The recent literature on trade and firm heterogeneity highlights the importance of productivity gains from trade-induced selection and reallocation. Many developing and fast growing economies that are progressively opening up to trade are characterized by a significant presence of State-Owned Enterprises (SOEs) next to Private-Owned Enterprises (POEs). Can we still expect the same gains through the same channels in economies with a strong presence of SOEs? Which features of SOEs are key in shaping the effects of trade liberalization? We explore these questions first by introducing SOEs in a model of trade with firm heterogeneity. The model shows that the inefficiencies produced by SOEs can hinder the reallocation process and potentially reduce the productivity gains from trade. We test the predictions of the model using a new dataset of Vietnamese firms, and assess the effects on Vietnam’s 2007 access to the WTO. The standard selection effect triggered by trade liberalization is confirmed for private firms, while it is silent for SOEs. Moreover, we find that, as result of multilateral trade liberalization, productivity increases in POE-dominated sectors, and less so or not at all in SOE-dominated sectors. Our estimates suggest that WTO entry is associated with an increase in average productivity of 6.2 percent in the period 2005-2013. Finally, we show that the overall productivity gains would have been more than 40 percent larger if SOE-dominated industries had been replaced by POE-dominated industries. Our results suggest that SOEs represent a large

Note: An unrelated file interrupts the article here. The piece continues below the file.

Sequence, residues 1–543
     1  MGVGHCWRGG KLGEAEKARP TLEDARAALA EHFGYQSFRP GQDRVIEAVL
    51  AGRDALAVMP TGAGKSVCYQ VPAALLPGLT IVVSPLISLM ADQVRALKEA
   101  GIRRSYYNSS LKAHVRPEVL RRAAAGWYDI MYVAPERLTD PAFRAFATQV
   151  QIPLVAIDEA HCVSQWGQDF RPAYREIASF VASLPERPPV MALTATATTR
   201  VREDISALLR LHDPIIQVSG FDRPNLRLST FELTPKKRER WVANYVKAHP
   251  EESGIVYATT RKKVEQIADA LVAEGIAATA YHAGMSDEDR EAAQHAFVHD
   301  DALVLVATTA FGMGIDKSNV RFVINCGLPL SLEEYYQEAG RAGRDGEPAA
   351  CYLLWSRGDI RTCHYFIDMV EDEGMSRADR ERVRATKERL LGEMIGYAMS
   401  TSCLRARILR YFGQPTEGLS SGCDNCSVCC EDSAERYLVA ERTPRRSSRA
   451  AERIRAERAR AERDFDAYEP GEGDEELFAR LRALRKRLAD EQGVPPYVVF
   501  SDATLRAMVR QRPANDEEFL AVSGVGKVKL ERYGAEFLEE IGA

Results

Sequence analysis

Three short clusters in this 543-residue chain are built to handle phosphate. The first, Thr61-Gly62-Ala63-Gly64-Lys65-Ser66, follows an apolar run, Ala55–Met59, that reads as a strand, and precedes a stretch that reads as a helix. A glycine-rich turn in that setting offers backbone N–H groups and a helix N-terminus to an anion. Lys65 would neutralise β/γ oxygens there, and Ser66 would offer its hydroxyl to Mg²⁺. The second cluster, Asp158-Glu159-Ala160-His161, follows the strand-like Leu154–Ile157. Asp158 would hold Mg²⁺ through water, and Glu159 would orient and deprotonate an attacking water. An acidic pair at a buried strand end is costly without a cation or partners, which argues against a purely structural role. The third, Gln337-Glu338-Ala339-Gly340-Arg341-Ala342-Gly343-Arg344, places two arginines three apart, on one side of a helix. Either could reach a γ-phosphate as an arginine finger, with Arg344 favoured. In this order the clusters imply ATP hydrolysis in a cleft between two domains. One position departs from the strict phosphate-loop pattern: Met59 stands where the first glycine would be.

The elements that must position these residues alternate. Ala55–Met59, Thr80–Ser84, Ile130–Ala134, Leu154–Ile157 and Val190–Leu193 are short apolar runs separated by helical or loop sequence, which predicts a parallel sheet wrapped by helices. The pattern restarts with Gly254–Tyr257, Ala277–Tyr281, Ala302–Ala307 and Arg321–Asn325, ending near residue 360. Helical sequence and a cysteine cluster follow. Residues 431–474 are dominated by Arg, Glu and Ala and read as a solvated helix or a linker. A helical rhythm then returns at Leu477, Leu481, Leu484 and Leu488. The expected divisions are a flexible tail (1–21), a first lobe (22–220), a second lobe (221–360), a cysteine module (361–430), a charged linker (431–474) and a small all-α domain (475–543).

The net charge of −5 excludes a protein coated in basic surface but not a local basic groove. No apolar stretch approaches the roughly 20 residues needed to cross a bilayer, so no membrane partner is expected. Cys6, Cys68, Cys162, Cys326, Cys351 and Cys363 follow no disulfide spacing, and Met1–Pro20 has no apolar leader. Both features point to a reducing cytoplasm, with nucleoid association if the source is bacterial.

obstacle to trade-induced efficiency gains.
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